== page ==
Where can I find the latest cancer statistics?

We receive quite a few cancer research papers to edit, and it is not uncommon for authors to set the scene by presenting a few ‘critical’ cancer facts (such as incidence, prevalence, and mortality) in the opening lines of the introduction. There is nothing wrong with this (although we wouldn’t necessarily advise it if you are submitting to a highly specialised cancer journal), but it is important that the figures are correct. We often find that the ‘facts’ are, more often than not, wildly out of date, inaccurate, or incompletely referenced. Given the easy accessibility of online data, there really is no excuse for glaring inaccuracies and any sloppiness could irritate a reviewer.

That’s why we suggest that you visit GLOBOCAN, an online resource established and maintained by the International Agency for Research on Cancer (part of the WHO). The GLOBOCAN project provides current estimates of the incidence, mortality, and prevalence of major cancer types for 184 countries. The data can be separated by sex, and 1-, 3-, and 5-year prevalence data are available for the adult population.

The database is particularly useful since it can be queried using online analysis tools, which allow you to produce graphs, tables, and maps to illustrate data. These tools are likely to be particularly useful for theses and dissertations, where there is often a need to provide more comprehensive background to the subject and provide basic data.

For instance, let’s say that you need to prepare a graph that compares age-standardised incidence and mortality rates of female cancers in ‘developed’ and ‘developing’ regions. Easy!


The graph clearly highlights those cancers that persist as first-world problems, such as breast cancer, and those cancers that more commonly affect women in the developing world (such as cervical cancer). This might provide an excellent starting point for a discussion about the epidemiology of these diseases.

GLOBOCAN can be referenced in your manuscript, and there is a useful glossary of terms, just in case you tend to get your ‘incidences’ and ‘prevalences’ mixed up. Of course, there are other excellent statistical resources available to cancer researchers, such as CRUK’s Cancer Stats resource in the UK or the NCI’s tools in the US. Please let us know if you know of any other resources that you find useful by commenting below!

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Open source software for scientists - our top five recommendations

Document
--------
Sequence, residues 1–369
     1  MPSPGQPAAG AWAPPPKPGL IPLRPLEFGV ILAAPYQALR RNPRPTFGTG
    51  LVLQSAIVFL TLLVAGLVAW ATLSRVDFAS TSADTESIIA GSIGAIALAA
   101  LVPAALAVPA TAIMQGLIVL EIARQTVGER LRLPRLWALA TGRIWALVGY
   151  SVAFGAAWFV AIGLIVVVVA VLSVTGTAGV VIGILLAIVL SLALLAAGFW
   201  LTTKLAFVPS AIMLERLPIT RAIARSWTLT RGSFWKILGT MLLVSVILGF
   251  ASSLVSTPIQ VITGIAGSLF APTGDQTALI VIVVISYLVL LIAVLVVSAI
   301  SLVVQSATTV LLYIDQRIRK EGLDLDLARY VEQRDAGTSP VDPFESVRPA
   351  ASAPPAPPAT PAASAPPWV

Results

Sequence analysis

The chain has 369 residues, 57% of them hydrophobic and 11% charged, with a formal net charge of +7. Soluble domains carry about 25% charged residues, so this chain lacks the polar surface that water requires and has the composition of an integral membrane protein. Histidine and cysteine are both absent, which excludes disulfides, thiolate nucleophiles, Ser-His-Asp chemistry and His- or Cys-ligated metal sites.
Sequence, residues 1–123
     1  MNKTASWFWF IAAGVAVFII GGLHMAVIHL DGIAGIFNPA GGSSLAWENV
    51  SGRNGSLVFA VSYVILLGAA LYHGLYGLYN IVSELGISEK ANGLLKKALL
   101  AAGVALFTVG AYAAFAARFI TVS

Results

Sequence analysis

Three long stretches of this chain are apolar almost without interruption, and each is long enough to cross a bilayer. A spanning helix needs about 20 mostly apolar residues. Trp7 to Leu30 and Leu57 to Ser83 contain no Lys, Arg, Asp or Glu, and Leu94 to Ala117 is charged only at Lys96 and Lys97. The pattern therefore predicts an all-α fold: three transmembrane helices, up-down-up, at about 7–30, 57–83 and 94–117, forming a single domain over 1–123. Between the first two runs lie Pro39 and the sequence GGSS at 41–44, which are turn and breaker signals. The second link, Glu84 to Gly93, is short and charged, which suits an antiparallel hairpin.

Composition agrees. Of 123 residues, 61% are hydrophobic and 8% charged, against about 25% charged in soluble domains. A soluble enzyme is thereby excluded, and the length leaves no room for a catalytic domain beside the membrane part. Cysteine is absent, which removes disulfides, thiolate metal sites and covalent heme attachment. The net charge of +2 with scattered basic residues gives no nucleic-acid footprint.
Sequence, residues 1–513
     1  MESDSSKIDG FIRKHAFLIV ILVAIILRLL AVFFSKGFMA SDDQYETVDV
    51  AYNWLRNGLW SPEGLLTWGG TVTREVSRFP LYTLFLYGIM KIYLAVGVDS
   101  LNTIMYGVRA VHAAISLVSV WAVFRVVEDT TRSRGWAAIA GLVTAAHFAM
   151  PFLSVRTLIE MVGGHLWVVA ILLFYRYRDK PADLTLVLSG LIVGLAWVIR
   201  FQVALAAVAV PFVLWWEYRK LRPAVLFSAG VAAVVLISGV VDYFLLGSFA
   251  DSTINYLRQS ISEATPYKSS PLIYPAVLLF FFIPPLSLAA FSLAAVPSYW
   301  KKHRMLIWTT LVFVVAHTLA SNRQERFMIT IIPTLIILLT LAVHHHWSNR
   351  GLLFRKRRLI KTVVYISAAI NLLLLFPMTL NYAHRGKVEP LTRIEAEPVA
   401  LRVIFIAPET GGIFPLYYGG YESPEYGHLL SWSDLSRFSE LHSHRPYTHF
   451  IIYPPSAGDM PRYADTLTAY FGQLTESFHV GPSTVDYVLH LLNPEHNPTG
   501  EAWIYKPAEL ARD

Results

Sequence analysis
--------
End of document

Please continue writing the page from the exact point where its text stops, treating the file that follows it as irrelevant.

As part of our drive to help reduce barriers to scientific publishing, today we would like to share Nextgenediting’s top five open source or free alternatives to commercial scientific software packages. Although the vast majority of the submissions we receive are written in Microsoft Word with citations embedded using Endnote, we also use the freely available programs listed below to help edit and prepare papers for submission. This has become even more important as we liaise with scientists from low- and middle-income countries as part of the Global Initiative, who sometimes cannot afford the (sometimes extremely) high cost of commercial software. Please let us know if you have any other recommendations or questions about the use of these packages.

1. Image processing and manipulation - GIMP (The GNU Image Manipulation Program)

GIMP is a fantastic and versatile alternative to Adobe Photoshop, feely downloadable for all platforms (Mac, Windows, Linux, and others). We find it particularly useful for image conversion in preparation for manuscript submission, especially for producing the high-resolution 300 dpi figures frequently required by the journals. Although the learning curve is relatively steep, there is comprehensive online documentation (including in multiple languages) that holds your hand through basic tasks, such as image re-sizing, cropping, and how to add text to figures. Although CMKY is not supported, we use the Separate+ plugin when conversion is necessary. Give it a try!

2. Statistical analysis - PSPP

Although SPSS is probably the dominant statistical analysis software package used in the social and life sciences, its high cost and annual license fees make it inaccessible to many researchers and students, particularly those already working in under-resourced environments. Although R is a phenomenally powerful (and free) statistical programming environment, it can be difficult to learn due to the lack of an intuitive graphical interface and need to grasp a new programming language (great in theory, just not going to happen in practice for most of us). PSPP is an open source alternative to SPSS that is certainly worth a shot. It is limited to basic analyses - descriptive statistics, linear regression, t-tests, and the like - but those familiar with the SPSS interface will have no problems using it since it is almost identical. If more people start to use it, perhaps we will see development of more complex functions.

3. Citation management - Bibus

Learning how to use citation management/bibliographic software is a must for academics. The proprietary software packages are not usually prohibitively expensive, but it would be wise to check with your institution first to see whether they have cheaper institutional licensing arrangements and training courses available. However, what about a free alternative? We recommend Bibus, a powerful reference management software package that integrates with MS Word and OpenOffice and allows online searching of PubMed via an intuitive user interface. One drawback though - while you can get Bibus to work on a Mac, it does not currently integrate with Word for Mac.